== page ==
This blistering Lost Weekend for the rave generation takes
audiences on a searing, frenetically paced, dazzling, chemically
fuelled journey through Britain's rave culture of the late '90's.
Those looking for a lazy comparison will inevitably compare this film
with Trainspotting. Admittedly, this energetic, drug fuelled, wildly
cinematic ride through Britain's club scene and rave culture bears
some superficial similarities with that ground breaking Scottish film.
This impressive film debut from writer/director Justin Kerrigan is
imbued with a similar sense of dynamic energy, momentum and bravura
visual flair that cuts to the core of youth consciousness.
Almost plotless, the film follows a group of five
twentysomethings through a weekend of drugs, sex, club crawling and
deals. It centres around five friends - Jip, Lulu, Koop, Nina and
eager young Cockney lad Moff, the party animal - who use the club
scene as a way to escape the drudgery and boredom of their week day
routine, spent working or bludging on the dole. The partying begins
on Friday night and they begin to dry out on Sunday afternoon.
The film looks at the sexual hang-ups, the drug induced
paranoia and the attitudes of its protagonists with humour and an
unflinching honesty. However it's unflinching view of the excesses of
today's youth will not appeal to all audiences.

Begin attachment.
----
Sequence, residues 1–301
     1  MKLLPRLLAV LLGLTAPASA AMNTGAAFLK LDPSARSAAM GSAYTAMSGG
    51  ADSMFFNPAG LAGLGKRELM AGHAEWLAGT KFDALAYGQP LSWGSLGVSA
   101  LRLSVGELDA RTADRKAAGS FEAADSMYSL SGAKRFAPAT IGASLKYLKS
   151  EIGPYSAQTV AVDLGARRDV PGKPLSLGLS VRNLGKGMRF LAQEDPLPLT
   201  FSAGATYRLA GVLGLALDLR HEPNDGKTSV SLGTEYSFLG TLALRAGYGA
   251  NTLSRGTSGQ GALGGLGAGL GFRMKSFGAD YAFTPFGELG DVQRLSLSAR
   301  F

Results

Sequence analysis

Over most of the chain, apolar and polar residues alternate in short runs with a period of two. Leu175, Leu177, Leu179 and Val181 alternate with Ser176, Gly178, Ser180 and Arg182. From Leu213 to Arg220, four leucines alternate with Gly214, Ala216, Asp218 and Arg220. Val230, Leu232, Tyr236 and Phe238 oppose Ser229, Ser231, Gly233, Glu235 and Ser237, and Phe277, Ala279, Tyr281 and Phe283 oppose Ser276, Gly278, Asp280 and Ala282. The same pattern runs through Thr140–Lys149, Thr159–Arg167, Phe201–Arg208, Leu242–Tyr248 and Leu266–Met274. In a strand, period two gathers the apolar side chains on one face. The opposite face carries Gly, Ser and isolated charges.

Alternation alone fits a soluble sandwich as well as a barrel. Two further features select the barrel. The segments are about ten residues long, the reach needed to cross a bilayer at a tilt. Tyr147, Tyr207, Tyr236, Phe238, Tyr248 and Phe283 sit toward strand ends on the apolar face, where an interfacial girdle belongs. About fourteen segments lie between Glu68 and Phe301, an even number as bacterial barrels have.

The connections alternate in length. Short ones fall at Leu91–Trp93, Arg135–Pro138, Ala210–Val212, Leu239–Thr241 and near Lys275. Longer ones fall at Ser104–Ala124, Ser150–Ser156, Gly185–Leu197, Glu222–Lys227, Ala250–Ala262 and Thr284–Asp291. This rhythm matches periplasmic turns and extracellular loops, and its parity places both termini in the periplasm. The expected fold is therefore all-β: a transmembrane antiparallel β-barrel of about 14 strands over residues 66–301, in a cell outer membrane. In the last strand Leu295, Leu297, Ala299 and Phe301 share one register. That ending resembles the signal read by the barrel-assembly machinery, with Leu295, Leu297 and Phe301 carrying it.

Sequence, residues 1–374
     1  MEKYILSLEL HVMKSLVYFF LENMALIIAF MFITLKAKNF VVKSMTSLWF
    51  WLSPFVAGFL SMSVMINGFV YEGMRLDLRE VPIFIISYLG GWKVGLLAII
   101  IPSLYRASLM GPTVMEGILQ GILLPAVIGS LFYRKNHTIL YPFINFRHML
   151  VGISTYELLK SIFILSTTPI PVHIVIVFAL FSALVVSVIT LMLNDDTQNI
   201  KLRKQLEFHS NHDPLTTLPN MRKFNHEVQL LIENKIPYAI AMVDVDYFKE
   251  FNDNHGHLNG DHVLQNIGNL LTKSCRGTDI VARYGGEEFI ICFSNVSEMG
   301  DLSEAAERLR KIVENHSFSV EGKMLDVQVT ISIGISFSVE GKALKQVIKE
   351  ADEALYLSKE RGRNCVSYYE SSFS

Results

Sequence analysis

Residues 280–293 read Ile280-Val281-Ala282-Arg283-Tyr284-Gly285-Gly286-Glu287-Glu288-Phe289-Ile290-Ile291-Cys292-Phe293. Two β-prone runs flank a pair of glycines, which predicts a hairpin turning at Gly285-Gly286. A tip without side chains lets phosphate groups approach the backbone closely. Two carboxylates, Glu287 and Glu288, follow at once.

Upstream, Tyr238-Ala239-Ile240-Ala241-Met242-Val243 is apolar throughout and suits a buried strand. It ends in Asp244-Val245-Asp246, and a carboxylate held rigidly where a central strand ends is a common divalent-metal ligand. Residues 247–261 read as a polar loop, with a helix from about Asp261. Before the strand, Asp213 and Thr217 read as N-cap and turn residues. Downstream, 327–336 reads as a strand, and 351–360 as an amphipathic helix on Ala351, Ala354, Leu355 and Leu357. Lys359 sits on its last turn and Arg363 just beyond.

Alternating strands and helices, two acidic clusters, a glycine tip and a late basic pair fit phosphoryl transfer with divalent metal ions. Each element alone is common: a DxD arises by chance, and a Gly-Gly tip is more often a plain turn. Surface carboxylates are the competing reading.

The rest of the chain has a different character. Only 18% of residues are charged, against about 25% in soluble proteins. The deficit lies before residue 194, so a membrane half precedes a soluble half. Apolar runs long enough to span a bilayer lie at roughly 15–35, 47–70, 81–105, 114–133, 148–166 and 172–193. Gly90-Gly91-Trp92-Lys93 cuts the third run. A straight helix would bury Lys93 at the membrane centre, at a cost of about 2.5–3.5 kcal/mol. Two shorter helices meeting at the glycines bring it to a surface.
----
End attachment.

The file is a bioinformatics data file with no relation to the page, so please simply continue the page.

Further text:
This is something of a personal film for Kerrigan, who has had
first hand experience of the scene. He has drawn upon a lot of his
own personal experiences for the characters, and has put himself on
the line with this film. Kerrigan brings a flamboyant, often surreal,
visual style and cutting humour to the material. He cleverly uses
monologues and different points-of-view to offer insights into this
He also draws superbly natural, and largely improvised
performances from his young and enthusiastic, and largely unknown,
cast, most of whom are new to feature films. Newcomer Danny Dyer is
wonderful as Moff, the youngest member of the group, and his energetic
performance comes close to stealing the film. Human Traffic does not
really espouse an anti-drugs message. Rather, it speaks to the
consciousness of its hip young audience.
Whereas films like the classic Saturday Night Fever and the
recent 54, etc, explored the disco scene of the '70's, Human Traffic
has an immediacy and relevance for today's audience, who have
experienced the rave and club scene. The action is accompanied by a
sizzling soundtrack assembled by noted DJ Peter Tong, and features
artists like C J Bolland, Fat Boy Slim, Orbital, etc. Human Traffic
goes off, and will likely attain the same sort of cult status as
Copyright © 1999 Greg King